Knee Anatomy :: Knee Arthroscopy
Total Knee Replacement :: Revision Knee
Arthroscopy of the Knee Joint
Arthroscopy is a surgical procedure in which an arthroscope is inserted into a joint. Arthroscopy is a term that comes from two Greek words, arthro-, meaning joint, and -skopein, meaning to examine.
The benefits of arthroscopy involve smaller incisions, faster healing, a more rapid recovery, and less scarring. Arthroscopic surgical procedures are often performed on an outpatient basis and the patient is able to return home on the same day.
Find out more about Knee Arthroscopy from the following links.
Total Knee Replacement (TKR)
A total knee replacement (TKR) or total knee arthroplasty is a surgery that resurfaces an arthritic knee joint with an artificial metal or plastic replacement parts called the ‘prostheses'.
Find out more about Total Knee Replacement with the following links.
Revision Knee Replacement
This means that part or all of your previous knee replacement needs to be revised. This operation varies from very minor adjustments to massive operations replacing significant amounts of bone and hence is difficult to describe in full.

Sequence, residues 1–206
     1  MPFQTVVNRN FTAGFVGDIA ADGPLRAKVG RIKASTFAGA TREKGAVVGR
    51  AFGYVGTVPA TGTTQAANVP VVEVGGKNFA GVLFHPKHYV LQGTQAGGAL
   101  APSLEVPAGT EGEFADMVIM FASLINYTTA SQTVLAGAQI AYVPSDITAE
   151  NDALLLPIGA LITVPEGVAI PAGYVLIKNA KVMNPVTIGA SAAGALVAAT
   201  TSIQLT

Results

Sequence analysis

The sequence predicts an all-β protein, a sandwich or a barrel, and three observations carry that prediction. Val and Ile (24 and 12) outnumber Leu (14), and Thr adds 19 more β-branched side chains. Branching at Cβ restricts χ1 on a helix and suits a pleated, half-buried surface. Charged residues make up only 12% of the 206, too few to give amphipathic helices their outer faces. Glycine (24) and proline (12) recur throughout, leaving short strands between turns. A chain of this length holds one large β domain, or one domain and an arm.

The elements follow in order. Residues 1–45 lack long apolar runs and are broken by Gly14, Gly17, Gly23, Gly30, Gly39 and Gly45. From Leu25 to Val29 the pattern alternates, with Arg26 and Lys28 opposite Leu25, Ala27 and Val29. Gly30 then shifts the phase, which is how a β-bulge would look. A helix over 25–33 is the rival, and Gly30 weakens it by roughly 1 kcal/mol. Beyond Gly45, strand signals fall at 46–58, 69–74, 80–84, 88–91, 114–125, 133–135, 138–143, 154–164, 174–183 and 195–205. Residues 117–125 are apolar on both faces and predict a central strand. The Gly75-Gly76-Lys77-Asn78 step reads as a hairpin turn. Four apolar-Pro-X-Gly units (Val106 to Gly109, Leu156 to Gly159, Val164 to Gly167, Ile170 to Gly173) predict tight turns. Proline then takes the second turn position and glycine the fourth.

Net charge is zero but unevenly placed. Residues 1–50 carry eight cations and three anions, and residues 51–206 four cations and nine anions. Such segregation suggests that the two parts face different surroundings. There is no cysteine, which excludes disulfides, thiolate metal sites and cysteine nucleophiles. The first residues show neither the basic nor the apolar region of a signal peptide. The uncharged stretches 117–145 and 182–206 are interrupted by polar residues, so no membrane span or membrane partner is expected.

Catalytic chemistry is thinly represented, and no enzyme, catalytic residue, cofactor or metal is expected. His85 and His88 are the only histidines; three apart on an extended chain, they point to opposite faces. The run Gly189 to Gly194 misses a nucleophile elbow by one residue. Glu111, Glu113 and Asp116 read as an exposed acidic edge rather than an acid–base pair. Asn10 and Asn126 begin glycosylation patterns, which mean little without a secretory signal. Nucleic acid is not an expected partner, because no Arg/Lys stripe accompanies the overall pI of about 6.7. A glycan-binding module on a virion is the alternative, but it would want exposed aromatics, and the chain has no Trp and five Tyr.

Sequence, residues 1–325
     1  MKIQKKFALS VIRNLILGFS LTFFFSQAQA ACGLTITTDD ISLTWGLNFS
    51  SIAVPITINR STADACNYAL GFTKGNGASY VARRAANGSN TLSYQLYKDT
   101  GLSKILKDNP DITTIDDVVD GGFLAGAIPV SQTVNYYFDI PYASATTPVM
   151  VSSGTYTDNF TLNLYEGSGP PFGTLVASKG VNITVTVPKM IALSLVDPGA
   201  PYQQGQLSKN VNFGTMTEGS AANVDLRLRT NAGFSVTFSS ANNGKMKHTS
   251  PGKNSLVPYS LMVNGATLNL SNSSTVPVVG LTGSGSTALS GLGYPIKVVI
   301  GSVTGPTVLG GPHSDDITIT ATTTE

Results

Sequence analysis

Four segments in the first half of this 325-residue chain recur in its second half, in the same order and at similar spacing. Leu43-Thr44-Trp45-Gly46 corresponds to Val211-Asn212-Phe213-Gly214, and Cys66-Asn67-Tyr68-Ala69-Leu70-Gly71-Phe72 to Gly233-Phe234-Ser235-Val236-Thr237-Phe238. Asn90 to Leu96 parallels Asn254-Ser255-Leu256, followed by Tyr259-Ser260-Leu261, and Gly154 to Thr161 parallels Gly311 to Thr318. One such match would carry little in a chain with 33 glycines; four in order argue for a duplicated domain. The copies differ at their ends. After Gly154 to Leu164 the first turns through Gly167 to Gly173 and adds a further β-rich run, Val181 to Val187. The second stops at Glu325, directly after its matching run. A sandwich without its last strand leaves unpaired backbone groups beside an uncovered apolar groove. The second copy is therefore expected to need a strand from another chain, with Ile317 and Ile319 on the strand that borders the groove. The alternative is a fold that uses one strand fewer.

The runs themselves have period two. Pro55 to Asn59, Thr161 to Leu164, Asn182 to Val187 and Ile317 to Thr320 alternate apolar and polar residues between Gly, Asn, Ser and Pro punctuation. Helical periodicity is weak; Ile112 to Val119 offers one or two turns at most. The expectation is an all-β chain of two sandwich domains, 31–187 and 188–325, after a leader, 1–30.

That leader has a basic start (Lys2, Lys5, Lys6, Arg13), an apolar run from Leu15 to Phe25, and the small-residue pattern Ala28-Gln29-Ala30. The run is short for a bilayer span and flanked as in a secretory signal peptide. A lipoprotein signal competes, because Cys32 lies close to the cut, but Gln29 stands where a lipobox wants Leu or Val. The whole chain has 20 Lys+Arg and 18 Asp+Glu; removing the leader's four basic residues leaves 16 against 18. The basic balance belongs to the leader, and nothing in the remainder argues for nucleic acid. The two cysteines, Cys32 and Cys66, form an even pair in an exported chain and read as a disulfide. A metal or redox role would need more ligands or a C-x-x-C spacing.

Find out more about Revision Knee Replacement with the following links.
Please use the links below to get more information from the
American Academy of Orthopaedic Surgeons:
Bursitis of the Knee: Goosefoot (Pes Anserine)
Bursitis of the Knee: Kneecap (Prepatellar)
Limb Length Discrepency
Osteonecrosis of the Knee
Arthritis of the Knee
Osteoarthritis of Knee -- Social Impact
Osteoarthritis of the Knee - Frequently Asked Questions
Burning Thigh Pain (Meralgia paresthetica)
Knee Pain, Adolescent Anterior
Osgood-Schlatter Disease (Knee Pain)
Runner's Knee (Patellofemoral Pain)
Osteoarthritis: Surgical Treatment
Anesthesia for Hip and Knee Replacement Surgery
Knee Replacement and Implants
Knee Replacement, Cemented and Cementless
Knee Replacement, Minimally Invasive
Knee Replacement, Osteotomy and Unicompartmental Replacement (Arthroplasty)
Total Knee Replacement
How to use Crutches, Canes, and Walkers
Deep Vein Thrombosis